Michel Lewis tries to understand the Icelandic man, and the destruction of an entire country at the hands of fishermen-turned-bankers. Paragraph that made me laugh and reminded me of the rhetoric of the ‘Asian Tiger’ era:

Icelanders—or at any rate Icelandic men—had their own explanations for why, when they leapt into global finance, they broke world records: the natural superiority of Icelanders. Because they were small and isolated it had taken 1,100 years for them—and the world—to understand and exploit their natural gifts, but now that the world was flat and money flowed freely, unfair disadvantages had vanished. Iceland’s president, Olafur Ragnar Grimsson, gave speeches abroad in which he explained why Icelanders were banking prodigies. “Our heritage and training, our culture and home market, have provided a valuable advantage,” he said, then went on to list nine of these advantages, ending with how unthreatening to others Icelanders are. (“Some people even see us as fascinating eccentrics who can do no harm.”) There were many, many expressions of this same sentiment, most of them in Icelandic. “There were research projects at the university to explain why the Icelandic business model was superior,” says Gylfi Zoega, chairman of the economics department. “It was all about our informal channels of communication and ability to make quick decisions and so forth.”


William Pfaff ponders on why the citizcns of the Republic looked away while the Bush Administration tampled all over their constitution and interternational law. A comment that stuck out:

Very few people among the American public seemed to care-except Fox television executives, who recognize a commercial opportunity when it hits them between the eyes.

Fox began a drama in which each program was devoted to the American president’s torturer doing whatever had to be done to thwart a new threat to the American republic. The hero would apply one of the tortures pronounced legally OK for Americans to use, until the terrorist, gasping or screaming, blurts out where the nuclear bomb has been planted.

This turned out to be one of the most popular programs on the air. It seems that President Bush himself watched. People in the torturing business joked that they got some good ideas from the program.


The New York Times Book Review, generally predictable and pointless, did however carry an interesting review of a very interesting writer and on a very interesting subject.  Rashid Khalidi, is a professor of Arab studies at Columbia University, the director of its Middle East Institute and holds the ‘Edward Said’ chair of Arab studies at the University.  His new book is called Sowing Crisis: Cold War And American Dominance in the Middle East. For all the simpletons who may have asked ‘Why do they hate us!’ it may be time to actually read something and ask a more intelligent question.  An excerpt:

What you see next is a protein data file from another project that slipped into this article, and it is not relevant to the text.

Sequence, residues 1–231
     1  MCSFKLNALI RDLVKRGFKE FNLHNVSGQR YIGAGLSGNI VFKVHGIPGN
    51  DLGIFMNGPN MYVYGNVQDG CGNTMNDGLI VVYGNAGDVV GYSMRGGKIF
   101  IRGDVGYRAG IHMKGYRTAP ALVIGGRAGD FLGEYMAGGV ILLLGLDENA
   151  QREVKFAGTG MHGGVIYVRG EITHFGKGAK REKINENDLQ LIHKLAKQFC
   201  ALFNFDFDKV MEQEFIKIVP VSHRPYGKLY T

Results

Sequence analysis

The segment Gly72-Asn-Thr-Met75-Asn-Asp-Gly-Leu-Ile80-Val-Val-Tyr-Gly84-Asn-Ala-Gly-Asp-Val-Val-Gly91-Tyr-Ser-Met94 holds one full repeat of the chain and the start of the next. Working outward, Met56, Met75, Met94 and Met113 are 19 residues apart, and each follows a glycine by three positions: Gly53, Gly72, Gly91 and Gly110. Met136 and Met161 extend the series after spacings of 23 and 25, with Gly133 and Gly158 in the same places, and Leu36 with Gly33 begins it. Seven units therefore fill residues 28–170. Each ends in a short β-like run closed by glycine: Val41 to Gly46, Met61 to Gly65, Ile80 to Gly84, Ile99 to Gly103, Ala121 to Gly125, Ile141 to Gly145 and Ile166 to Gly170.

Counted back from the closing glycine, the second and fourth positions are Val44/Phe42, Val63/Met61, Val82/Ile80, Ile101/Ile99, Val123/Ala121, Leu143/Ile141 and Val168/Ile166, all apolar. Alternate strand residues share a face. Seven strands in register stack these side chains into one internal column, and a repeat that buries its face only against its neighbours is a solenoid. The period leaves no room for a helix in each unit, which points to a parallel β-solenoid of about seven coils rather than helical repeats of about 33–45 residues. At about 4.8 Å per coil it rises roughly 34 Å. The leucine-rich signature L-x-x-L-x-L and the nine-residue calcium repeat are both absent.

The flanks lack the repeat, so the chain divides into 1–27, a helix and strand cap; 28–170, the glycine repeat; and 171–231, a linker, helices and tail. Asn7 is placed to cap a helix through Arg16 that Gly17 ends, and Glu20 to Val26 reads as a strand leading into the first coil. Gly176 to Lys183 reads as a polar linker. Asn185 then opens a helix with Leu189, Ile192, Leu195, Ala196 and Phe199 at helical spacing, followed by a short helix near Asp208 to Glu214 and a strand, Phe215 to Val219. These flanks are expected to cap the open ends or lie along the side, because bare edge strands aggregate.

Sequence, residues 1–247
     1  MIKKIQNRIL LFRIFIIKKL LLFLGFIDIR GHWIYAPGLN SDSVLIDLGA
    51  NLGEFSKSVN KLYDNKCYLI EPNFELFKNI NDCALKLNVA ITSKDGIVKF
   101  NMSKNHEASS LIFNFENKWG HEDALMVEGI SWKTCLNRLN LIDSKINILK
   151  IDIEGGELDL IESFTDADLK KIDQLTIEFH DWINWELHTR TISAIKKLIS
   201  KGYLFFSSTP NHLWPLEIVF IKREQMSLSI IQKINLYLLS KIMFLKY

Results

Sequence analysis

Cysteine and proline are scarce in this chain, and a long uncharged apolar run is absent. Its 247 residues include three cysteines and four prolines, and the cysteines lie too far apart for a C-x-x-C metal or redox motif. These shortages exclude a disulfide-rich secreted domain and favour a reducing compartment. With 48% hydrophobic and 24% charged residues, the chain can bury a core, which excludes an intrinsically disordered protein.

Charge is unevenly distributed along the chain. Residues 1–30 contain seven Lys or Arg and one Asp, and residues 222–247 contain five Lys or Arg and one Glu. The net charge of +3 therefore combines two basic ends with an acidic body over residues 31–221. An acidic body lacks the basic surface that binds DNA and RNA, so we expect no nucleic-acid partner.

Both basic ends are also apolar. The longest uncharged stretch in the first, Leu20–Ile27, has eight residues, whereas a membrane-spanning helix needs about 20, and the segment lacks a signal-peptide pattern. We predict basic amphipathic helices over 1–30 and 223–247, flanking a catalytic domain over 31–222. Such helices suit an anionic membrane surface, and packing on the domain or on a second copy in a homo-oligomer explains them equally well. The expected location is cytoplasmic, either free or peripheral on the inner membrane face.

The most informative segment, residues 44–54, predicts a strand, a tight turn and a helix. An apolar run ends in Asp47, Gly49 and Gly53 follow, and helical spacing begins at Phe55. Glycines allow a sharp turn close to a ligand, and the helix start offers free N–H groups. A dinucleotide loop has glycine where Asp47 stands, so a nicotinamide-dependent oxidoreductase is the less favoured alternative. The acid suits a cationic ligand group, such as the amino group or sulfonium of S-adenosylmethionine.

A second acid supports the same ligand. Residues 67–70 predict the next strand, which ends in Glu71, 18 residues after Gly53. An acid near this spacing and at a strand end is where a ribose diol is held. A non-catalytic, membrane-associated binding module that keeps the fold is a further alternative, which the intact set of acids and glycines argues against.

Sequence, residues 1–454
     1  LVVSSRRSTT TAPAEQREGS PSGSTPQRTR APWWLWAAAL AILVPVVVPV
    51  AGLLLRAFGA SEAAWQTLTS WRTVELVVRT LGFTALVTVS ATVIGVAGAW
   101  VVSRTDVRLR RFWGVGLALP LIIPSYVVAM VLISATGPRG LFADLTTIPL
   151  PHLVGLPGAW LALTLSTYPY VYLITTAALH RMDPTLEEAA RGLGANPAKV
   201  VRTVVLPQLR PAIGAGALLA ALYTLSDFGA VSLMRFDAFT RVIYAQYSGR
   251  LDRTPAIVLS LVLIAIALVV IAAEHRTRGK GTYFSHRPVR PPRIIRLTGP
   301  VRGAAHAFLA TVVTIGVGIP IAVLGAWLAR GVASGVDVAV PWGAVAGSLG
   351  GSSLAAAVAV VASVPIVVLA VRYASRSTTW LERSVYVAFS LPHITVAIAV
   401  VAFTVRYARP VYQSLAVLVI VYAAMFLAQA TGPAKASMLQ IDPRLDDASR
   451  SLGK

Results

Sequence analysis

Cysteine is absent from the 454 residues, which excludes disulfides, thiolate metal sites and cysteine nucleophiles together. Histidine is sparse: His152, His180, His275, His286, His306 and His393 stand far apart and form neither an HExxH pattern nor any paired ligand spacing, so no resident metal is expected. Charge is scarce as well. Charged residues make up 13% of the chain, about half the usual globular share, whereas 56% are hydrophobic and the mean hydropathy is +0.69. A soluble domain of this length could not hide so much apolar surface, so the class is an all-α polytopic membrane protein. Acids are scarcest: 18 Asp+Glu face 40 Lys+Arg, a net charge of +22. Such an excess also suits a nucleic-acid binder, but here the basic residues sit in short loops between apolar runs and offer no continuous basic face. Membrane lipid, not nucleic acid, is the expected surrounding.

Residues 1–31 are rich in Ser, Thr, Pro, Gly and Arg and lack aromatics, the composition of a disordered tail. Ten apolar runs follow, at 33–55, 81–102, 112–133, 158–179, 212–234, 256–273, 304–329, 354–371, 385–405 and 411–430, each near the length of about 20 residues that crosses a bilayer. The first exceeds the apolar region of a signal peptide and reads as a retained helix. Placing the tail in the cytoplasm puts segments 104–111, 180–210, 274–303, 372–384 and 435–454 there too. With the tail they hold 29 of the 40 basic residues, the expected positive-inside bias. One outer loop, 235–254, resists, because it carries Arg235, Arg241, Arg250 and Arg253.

Immediately subsequent to the sudden disappearance of its Soviet rival, in 1990–91, the United States engaged in an extraordinarily confident assertion of its suddenly unrivaled power in the Middle East via its leadership of a grand coalition against Iraq’s invasion of Kuwait in the Gulf War of 1991, and in convening the 1991 Arab-Israeli peace conference in Madrid, which led to the 1993 Oslo Accords, signed on the White House lawn. Both were unprecedented initiatives in various ways. Although nominally a collective effort, the 1991 Gulf War was the first American land war in Asia since Vietnam. Meanwhile, Madrid witnessed the first multilateral peace conference in history bringing together all the parties to the conflict, Arab and Israeli, and all relevant international actors. Moreover, it constituted the first and only serious and sustained American (or international) effort in over half a century at a comprehensive resolution of the Palestine conflict.

In light of these apparently radical departures in American policy immediately after the collapse of the Soviet Union, it would be useful to revise our understanding of the Cold War as simply a prolegomenon to the current era of unfettered American dominance over the region. Such a revision would help us answer a number of questions: Was the United States previously as constrained by the presence of its Soviet rival as sometimes seemed to be the case, and as these two novel departures immediately after the demise of the USSR seemed to indicate? Alternatively, was America in fact more dominant in the Middle East throughout the Cold War era than may have appeared at the time?